Crossing borders

Crossing borders can be a strange thing. I’ve grown up in a Europe post the Schengen Agreement (at least the part of my life I remember), so the crossing of borders has often been “OK, according to the signs, we’ve passed the border now”. Lately, the borders have been more enforced, but to a varying degree.

Last year we went in a car with Norwegian plates between Norway, Denmark, Sweden, and back to Norway again, and there was some variation. Norway to Denmark was getting off a boat, and no checking of passports. Going from Denmark to Sweden it seemed like it was enough to be white and female in a Norwegian car. And from Sweden to Norway we started to hand them our passports, but seeing the outside seemed to be enough.

This year, between Norway, Denmark, and Germany, there was also not much checking. But it seems noticeable in a different way than when I was a kid. Mostly because of the media and the ferry company telling us to remember our passports, because they’ll check, but also because

But it seems noticeable in a different way than when I was a kid. Mostly because of the media and the ferry company telling us to remember our passports, because they might check them, but also because I pay attention to it in a different way as an adult. Are the borders noticeable if you cross them where you live? And do the people and affairs surrounding the borders affect how you feel when you cross them (if you can)?

Are the borders noticeable if you cross them where you live? And do the people and affairs surrounding the borders affect how you feel when you cross them (if you can)?

This picture was taken as we entered Norway driving north on E6 through Sweden in late July 2017.

The former school on the Kings street

This is an old school building in the city centre of Kristiansand known as Kongensgate skole (the Kings street school). The building itself was built 1897-1899, and the architect was Richard Mauritz Tønnesen. As a fun fact about the building, you might see that there is a difference in the windows on the building. It was apparently meant to be that the different floors of the building had windows with a different shapes.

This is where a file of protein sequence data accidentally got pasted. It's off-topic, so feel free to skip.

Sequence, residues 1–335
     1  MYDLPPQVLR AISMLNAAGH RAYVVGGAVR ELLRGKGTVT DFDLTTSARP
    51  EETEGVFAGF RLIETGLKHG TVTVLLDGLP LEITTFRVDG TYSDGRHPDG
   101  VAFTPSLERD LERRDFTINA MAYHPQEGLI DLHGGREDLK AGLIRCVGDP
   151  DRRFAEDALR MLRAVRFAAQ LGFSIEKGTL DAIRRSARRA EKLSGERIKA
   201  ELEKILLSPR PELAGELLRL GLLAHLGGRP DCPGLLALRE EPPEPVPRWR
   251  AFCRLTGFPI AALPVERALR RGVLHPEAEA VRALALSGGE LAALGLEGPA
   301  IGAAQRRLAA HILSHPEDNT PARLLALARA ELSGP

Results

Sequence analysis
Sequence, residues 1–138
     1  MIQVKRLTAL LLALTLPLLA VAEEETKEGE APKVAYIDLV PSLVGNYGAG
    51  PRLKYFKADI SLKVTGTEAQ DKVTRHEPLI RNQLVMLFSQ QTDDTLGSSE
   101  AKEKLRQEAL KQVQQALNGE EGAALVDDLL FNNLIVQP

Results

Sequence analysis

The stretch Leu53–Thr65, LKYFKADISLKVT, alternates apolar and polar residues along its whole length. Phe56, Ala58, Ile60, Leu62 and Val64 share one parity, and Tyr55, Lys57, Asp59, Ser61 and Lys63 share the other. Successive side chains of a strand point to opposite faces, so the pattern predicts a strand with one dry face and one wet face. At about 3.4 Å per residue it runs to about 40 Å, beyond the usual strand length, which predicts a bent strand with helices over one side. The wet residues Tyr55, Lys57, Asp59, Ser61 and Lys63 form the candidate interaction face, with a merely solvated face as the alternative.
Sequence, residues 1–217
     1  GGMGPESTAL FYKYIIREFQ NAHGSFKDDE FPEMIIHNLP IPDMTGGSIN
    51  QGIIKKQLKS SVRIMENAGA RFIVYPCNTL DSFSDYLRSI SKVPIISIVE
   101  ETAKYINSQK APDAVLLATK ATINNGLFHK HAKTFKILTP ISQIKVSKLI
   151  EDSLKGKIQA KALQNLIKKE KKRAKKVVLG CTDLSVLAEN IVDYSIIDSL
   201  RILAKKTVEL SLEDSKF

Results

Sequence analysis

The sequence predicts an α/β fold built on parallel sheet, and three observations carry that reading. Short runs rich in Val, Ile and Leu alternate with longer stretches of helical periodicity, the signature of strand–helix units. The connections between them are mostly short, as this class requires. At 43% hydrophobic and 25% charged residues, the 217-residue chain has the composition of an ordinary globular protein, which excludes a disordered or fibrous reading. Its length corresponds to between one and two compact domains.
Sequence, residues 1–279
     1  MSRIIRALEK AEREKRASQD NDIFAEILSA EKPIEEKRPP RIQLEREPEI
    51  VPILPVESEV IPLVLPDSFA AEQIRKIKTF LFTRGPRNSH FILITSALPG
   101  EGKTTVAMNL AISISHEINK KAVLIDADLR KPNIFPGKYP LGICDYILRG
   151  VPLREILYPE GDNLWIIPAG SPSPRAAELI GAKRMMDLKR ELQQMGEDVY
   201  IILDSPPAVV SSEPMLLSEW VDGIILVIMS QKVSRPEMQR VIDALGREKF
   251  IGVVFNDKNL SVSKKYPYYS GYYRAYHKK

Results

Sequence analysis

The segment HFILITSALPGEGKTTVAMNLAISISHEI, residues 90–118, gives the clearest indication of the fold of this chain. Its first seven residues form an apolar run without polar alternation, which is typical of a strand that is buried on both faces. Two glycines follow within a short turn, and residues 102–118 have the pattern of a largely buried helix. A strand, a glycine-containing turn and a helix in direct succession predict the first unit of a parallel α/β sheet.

The building is no longer in use as a school, and has been used for multiple things the last couple of years, including plays and a place for beggars and others to spend the night in the winter. It is currently being discussed what is to be done with the place, and it seems it will be turned into apartments at some point.

This picture was taken in mid-February 2017, where the streets Kongens gate and Holbergs gate cross, and the building is situated.

Happy 17th of May!

Tomorrow is the 17th of May, which is a big deal in Norway. This picture was taken 17th of May 2016, when I watched the Peoples Parade in Stavanger.

One of my major pet peeves is people constantly “bending” further and further out in the street, and not caring that the people around you might also have people or parts of the parade they want to see. So if you’re ever in Norway on the 17th of May, you should definitely watch any parades in the area you are, and not do this.

I’ve written more about the 17th of May celebrations before, here, here and here.

Happy 2016!

Nyttårsaften

A picture from last New Years-eve, 2014 going into 2015. I can’t believe a year has passed since then. It’s been a strange year, a lot has happened, both good and bad. But that’s life. I’m excited to see what 2016 will bring, and especially how long it will take for me to write 2016 on the first try.

I hope 2015 treated you well, and may 2016 be even better!

 

Fjellvettreglene – The Norwegian Mountain Code

Vend i tide

Fjellvettreglene, or the Norwegian Mountain Code as it’s called, is 9 rules to ensure survival in the mountains (and the rest of the Norwegian landscape).

The nine rules are as following:

  1. Be prepared.
  2. Leave word of you route.
  3. Be weatherwise.
  4. Be equipped for bad weather and frost.
  5. Learn from the locals.
  6. Use map and compass.
  7. Don’t go solo.
  8. Turn back in time; sensible retreat is no disgrace. (Which is the one I painted in Norwegian.)
  9. Conserve energy and build a snow shelter if necessary.

Here is the Norwegian version of the Mountain Code, and here is an English version by the Norwegian Trekking Association (Turistforeningen), where they are explained more in depth. It’s nine rules that can be used to most things, with a little adjustment. Always be prepared, and take care.

Welcome to Travels with Veslefrick.

I’m your “guide”, and I’ll be using this blog to show some of the pictures I’ve taken from places I’ve been. This has been started as an experiment on if I have enough pictures that I want to share, and to make me go out and take more.

I’m not a professional photographer. I only do it for fun, and therefore I do not have the best camera nor the best possibilities to take steady and amazing pictures. But I try to get by on what I have, and I hope that it’s something that someone appreciates.

Thanks for stopping by!